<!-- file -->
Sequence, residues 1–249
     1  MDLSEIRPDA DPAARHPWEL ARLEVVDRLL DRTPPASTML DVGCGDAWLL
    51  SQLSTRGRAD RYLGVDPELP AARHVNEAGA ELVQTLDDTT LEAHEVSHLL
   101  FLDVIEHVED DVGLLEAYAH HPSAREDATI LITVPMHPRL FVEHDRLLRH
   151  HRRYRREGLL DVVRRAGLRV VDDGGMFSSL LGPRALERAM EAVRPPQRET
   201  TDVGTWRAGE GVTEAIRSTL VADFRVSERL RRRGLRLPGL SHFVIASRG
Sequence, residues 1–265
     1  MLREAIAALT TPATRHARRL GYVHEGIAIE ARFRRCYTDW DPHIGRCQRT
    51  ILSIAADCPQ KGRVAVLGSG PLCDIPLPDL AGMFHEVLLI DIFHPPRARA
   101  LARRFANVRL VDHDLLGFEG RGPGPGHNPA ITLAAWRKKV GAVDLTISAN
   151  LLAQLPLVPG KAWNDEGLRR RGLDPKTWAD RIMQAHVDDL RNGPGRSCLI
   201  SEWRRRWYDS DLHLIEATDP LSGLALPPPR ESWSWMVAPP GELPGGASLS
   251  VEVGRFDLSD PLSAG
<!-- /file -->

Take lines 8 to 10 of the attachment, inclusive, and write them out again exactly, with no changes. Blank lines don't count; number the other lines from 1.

     1  MLREAIAALT TPATRHARRL GYVHEGIAIE ARFRRCYTDW DPHIGRCQRT
    51  ILSIAADCPQ KGRVAVLGSG PLCDIPLPDL AGMFHEVLLI DIFHPPRARA
   101  LARRFANVRL VDHDLLGFEG RGPGPGHNPA ITLAAWRKKV GAVDLTISAN